Monday, August 10, 2009
She had a way with hair
By Scott Beveridge
DONORA, Pa. – The historical society in this town doesn’t know Mrs. Koehler’s first name, but it keeps her dead relatives’ hair preciously preserved under a glass dome.
The woman took the Victorian art of weaving such hair into art to a higher level by turning it into intricate flowers, sprays and springing doodads attached to an 18-inch-tall black wooden cross.
“It just gets creepier and creepier,” a volunteer said last week at the Donora Historical Society’s museum at 595 McKean Ave. where the sculpture is proudly displayed near the front door.
This type of folk art became widely popular in the late 1800s when people seemed to care more about how they wore their grief in public than about returning to a normal life following the death of a child or spouse.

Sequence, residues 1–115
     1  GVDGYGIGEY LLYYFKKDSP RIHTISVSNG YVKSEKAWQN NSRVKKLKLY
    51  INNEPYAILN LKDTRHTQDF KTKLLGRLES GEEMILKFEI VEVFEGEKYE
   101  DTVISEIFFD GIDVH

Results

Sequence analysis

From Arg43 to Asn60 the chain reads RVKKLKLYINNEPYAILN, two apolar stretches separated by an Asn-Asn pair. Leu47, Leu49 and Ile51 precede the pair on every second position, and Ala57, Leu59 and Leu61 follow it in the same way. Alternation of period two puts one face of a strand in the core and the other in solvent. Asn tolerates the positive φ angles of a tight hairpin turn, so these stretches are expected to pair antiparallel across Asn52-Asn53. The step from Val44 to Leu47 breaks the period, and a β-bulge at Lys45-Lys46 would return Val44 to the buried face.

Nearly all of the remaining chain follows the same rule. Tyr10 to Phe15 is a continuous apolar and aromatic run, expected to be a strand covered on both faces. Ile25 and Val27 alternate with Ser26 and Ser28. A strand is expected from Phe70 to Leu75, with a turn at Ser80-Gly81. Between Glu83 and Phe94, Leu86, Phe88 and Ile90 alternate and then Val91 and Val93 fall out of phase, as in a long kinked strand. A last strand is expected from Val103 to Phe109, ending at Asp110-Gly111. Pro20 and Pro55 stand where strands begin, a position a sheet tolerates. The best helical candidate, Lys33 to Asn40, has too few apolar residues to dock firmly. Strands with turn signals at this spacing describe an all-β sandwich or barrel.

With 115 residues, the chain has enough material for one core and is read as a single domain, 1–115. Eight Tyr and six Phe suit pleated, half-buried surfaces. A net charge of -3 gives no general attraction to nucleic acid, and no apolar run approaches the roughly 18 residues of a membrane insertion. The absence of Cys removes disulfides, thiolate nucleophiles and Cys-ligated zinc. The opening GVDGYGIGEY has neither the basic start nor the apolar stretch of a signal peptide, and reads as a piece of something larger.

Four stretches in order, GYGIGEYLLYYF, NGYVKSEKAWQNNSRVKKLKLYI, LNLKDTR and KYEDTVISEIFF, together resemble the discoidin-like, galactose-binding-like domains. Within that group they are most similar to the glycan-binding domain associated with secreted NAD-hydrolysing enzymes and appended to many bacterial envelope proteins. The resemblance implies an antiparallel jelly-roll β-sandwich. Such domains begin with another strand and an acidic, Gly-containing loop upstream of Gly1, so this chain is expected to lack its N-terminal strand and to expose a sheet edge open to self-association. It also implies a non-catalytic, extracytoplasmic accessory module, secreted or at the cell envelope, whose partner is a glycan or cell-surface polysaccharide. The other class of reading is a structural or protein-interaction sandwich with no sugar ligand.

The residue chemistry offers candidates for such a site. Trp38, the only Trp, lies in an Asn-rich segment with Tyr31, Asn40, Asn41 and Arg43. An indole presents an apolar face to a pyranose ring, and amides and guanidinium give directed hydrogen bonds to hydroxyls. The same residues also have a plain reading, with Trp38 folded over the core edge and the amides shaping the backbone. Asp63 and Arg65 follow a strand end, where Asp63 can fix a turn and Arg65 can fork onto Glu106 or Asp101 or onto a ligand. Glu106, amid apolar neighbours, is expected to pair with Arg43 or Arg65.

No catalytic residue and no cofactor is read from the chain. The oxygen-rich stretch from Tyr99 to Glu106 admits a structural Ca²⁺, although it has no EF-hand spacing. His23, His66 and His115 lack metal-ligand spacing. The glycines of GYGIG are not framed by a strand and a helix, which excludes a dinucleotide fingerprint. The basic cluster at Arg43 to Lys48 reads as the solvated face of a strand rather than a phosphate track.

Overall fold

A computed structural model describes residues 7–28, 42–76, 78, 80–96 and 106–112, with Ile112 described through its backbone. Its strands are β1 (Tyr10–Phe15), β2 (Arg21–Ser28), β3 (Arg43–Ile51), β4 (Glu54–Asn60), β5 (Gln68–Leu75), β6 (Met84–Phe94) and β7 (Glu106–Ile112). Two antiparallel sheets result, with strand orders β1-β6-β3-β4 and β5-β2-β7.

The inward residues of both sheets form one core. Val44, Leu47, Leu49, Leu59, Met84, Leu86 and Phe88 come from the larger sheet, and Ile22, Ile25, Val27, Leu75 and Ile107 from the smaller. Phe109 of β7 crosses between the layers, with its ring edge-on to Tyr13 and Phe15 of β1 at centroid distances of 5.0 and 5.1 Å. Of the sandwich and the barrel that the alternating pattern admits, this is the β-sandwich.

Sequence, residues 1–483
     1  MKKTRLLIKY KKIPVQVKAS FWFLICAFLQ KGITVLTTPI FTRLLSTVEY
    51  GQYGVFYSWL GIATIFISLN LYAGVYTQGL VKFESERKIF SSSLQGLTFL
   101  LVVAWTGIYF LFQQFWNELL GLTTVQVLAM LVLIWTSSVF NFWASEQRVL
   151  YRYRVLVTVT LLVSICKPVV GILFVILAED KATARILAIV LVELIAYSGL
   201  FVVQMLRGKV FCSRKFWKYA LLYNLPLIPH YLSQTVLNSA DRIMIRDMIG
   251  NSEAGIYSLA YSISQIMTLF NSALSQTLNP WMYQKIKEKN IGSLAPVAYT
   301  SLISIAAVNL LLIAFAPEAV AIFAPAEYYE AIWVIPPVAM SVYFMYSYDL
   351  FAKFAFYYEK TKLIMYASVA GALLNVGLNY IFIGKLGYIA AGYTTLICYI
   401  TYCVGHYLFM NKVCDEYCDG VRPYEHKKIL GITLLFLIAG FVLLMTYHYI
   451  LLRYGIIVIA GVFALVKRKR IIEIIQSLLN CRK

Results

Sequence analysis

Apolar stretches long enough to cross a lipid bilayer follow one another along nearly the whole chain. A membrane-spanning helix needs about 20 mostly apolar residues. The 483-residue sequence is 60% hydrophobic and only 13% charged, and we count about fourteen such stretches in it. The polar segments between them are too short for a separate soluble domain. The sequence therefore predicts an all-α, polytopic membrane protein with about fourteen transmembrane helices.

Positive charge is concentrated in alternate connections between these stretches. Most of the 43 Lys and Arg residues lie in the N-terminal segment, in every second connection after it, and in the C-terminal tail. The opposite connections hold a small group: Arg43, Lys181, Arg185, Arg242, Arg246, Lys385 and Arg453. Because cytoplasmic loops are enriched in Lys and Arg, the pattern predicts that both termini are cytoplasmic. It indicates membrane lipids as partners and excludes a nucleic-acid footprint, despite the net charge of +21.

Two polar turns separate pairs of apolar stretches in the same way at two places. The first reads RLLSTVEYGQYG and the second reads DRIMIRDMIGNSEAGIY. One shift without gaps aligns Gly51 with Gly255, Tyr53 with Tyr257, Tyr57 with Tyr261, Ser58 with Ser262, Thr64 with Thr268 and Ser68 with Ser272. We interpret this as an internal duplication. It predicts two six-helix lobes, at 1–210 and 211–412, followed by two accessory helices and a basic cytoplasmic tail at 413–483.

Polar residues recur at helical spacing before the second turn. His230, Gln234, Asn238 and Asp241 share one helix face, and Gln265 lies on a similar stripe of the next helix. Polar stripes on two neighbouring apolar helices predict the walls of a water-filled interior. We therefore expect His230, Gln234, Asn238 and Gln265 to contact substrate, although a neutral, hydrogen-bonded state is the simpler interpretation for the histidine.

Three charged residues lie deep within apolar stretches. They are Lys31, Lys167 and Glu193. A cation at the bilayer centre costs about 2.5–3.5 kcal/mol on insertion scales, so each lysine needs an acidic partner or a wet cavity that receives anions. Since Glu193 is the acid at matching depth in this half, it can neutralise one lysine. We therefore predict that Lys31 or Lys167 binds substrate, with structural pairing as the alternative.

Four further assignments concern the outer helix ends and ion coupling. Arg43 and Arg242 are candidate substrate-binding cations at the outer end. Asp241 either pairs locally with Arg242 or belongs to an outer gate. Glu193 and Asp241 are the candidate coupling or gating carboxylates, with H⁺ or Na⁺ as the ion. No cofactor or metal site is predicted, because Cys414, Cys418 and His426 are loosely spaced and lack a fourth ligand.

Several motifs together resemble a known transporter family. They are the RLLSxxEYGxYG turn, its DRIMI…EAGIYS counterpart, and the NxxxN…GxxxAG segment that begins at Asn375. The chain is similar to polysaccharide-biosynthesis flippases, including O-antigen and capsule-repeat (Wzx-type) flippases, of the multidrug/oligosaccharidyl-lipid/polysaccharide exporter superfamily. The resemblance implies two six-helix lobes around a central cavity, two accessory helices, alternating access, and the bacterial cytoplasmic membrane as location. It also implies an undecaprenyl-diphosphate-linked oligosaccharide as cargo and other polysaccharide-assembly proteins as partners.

So while British Queen Victoria made mourning fashionable by wearing black clothes every day after her husband died, her many adoring fans opted to turn the hair of their loved ones into jewelry or framed art.
Some of them created such things as a picture of a weeping willow tree leaning over a tomb, a crown or ribbons to adorn a photograph of the dearly departed.
We’ll probably never know why Mrs. Koehler left Donora, Pa., with this bizarre gewgaw or whom it was intended to memorialize.
The grand morbidity of this fashion, though, makes it clear why the art form fell completely out of style after cheap photographs made it much easier to remember the dead.